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October 6, 2010

6-10-10 Two Waltzes

Bayou Seco played the Midlands Arts Centre some time in the early noughties when I was doing a run of reviews for The Birmingham Post. I’d drive back after performances in the suspension-tank of the car, letting the impressions circulate and settle and once home, fire up the second-hand Mac IIci while I made coffee and settled to produce 250 words of summary.
The end of that period probably began with a query about comparing Suzanne Vega’s lyrics to Carlo Morandi’s still life painting. Sigh. I could and maybe ought to have written the 250 words that might’ve sketched that tenuous, er, resonance, in a piece long enough to accommodate a 250-word digression and it was a mistake to assume goodwill and just drop it in. My defence in the matter of pretentiousness was that I wasn’t pretending anything but could I plea-bargain for the lesser charge of eccentricity? Quirkiness is of course no excuse.
Somewhere I have a wallet of yellowed cuttings of the published reviews – the original review files were lost in a hard-disk freeze and may be revived when science provides us with inexpensive obsolete-OS retrieval – so I may face the slog of slow-typing some of them back to life when that pocket-file comes to light.
I do remember an evening that was joyful, wholesome and devil-may-care daft – Kenny taking off in a little dance while he played, looking like a model for Yosemite Sam’s soft-shufflin’ Cajun cuzzin. This was how hippies were supposed to age gracefully, dammit!
I bought a cd afterwards and swapped copies with my companion/ second opinion on that night, who’d bought another. We asked Jeannie if that would be OK and she was very gracious about it.
I was working on my installation-room in a show – Intervention –  briefly occupying three terrace-houses in Handsworth, due for demolition after the event. Bayou Seco’s ‘Little Pleasures Of Life’ and ‘Home On The Great Divide’ became my default soundtrack. Eschew all cd’s aimed at relaxing your Mind, Body and Spirit and try to feel glum with this as soundtrack.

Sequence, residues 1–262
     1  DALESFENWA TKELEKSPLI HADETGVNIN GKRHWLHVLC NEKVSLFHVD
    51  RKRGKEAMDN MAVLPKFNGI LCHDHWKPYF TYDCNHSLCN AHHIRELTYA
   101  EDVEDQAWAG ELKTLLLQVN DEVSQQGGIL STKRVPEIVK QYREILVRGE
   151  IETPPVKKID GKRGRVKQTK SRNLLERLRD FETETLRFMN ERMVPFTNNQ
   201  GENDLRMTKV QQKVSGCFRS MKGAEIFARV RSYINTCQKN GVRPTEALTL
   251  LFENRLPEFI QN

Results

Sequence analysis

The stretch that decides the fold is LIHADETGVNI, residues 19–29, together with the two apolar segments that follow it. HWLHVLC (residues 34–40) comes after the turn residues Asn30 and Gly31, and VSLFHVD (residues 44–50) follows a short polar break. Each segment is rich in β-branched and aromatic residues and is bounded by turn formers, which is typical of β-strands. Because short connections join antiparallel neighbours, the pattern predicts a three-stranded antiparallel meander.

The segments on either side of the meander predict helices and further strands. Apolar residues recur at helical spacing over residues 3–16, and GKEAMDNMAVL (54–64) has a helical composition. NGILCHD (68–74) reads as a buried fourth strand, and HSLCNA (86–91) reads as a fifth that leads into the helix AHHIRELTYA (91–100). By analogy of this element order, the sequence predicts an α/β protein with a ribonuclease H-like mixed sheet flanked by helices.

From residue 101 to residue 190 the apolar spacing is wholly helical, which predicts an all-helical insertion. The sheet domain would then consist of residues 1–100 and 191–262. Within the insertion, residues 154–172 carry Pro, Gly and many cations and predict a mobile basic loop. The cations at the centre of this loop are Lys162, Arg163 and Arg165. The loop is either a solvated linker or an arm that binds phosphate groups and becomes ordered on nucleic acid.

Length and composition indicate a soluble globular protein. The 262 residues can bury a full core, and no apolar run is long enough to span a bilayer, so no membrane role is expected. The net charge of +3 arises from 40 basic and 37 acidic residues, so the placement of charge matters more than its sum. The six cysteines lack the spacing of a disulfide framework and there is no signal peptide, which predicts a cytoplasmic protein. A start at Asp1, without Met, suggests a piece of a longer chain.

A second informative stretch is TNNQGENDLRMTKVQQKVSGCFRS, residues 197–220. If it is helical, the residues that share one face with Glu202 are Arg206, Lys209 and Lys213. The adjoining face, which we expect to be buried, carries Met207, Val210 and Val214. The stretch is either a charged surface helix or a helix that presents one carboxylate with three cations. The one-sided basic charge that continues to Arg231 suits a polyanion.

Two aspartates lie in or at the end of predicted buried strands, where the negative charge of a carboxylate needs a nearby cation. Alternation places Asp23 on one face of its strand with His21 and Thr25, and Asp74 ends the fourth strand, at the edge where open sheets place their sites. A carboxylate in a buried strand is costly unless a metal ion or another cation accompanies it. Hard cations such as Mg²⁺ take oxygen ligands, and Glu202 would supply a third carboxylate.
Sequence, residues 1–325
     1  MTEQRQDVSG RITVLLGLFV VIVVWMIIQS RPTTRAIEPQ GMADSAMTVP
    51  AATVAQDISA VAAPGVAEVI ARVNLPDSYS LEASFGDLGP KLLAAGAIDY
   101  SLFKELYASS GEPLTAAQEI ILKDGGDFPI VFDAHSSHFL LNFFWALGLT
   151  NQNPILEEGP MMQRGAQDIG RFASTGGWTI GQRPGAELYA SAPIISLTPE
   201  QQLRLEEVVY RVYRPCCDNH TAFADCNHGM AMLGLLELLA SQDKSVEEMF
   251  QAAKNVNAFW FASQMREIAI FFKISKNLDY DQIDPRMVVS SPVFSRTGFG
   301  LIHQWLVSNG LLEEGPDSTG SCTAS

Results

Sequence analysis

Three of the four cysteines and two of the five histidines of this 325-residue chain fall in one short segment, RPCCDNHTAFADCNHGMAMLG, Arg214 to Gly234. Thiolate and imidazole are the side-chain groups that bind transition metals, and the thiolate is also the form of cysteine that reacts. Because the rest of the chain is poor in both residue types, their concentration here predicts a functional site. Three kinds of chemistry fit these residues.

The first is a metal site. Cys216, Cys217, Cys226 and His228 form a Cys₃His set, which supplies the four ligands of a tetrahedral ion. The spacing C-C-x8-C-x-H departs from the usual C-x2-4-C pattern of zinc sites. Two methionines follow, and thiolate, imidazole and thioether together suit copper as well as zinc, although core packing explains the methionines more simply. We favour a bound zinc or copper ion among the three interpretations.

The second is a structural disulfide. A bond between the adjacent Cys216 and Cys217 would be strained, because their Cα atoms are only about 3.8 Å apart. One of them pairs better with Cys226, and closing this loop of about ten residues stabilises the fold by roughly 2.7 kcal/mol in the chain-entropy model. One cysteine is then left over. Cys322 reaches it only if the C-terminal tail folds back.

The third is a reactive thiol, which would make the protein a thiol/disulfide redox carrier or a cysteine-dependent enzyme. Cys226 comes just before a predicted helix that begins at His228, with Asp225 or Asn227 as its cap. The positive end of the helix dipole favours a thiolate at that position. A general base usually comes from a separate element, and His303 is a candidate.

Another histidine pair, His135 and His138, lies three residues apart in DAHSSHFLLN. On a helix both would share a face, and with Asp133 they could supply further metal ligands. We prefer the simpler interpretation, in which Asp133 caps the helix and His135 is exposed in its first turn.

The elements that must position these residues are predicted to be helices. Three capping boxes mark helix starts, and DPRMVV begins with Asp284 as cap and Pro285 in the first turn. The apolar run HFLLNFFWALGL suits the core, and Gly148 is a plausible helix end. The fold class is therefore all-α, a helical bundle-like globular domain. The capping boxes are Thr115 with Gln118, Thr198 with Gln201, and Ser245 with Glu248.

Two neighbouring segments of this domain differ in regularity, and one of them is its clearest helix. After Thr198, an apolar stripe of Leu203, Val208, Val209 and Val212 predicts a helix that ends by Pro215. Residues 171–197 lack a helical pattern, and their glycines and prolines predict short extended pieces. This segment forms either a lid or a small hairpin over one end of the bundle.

These years later, doing a stint with an acoustic c&w band, I ‘heard’ the chorus of The Thing That Makes You Beautiful as a great Dobro opportunity for Ernie Hudson, a laconic boddhisatva of country guitar. G’wan, Ernie, give it some laconic. Any excuse, really, to be in a room where he’s playing. Playing pretty reliable rhythmic chord-changes is a great way to encourage better players to play.
I’ve got TTTMYB down to D, E and A (including a chord I’ve had to put in my crib-sheet as A?: 0-0-2-2-0-0) but you have to hear the original to get a feel of the rock-a-bye waltz-time, which is a lot of the charm.
This is one where the syllables of the lyric play against the three-time, so it’s not just remembering the words but how they fall. Then the endlessly refinable aim is to keep the stately waltz light on its feet.
It turns out that all I’d remembered was the chorus and the ‘feel’ of that song. I’ve kept but not played the cd’s through two changes of address, so on rehearing it the theme of love in later years had passed me by.
On the other hand, in the way of some songs about love, it’s equally a sentiment you could apply singing it as a Dad-song, or, as now I’m closer to the possibility of Grandadhood, the kind of song you’d like your grandnippers to remember you playing. Suffice to say it’s another of those songs that I had to practice often enough to stop going chokey in the chorus.
And… I’ve been learning my birthday mandolin left-handed, in standard G-D-A-E but with the highest string at the top, to increase my chances of picking up orthodox instruments where I find them, plus it gives me a break from harmonica duties in Mary Lou K and Her Howlin’ Hounds.
Ernie joined a few rehearsals ago and introduced The Bird That I Held In My Hand, apparently by T-Bone Burnette but covered by Sally van Meter. The lyric – a kind of bleak redemption-tale – could’ve been by Cormac McCarthy.
The added eeriness of respecting the …and 2/3… only started to make sense in rehearsal.
I’m still getting to terms with the tones of the mandolin as strident rhythm and harp-like chime (strumming high on the neck). The opening Dm-Bb-F-C reminds me of one of John Barry’s harpsichord-driven 70’s TV themes.
In contrast I’m thrashing through Carter USM’s The Only Living Boy In New Cross (the mandolin and ukulele version) and trying to find a suitably Kurt Weillig guitar-line to Prince In A Pauper’s Grave.

…Lately I’ve developed an appetite for curry pickles; going for the gurn with bitter Lime Pickle and using Patak’s Brinjal (aubergine) Pickle on breakfast toast instead of Vegemite, as a kind of fierce marmalade. I have to be careful with repeated hits of such a high-calorie sugar-shot but this is a sufficient pretext to scour the supermarkets of Ladypool Rd. for – mneh!mneh! – extreme chutneys, exotic condiments and coarse-mannered relishes.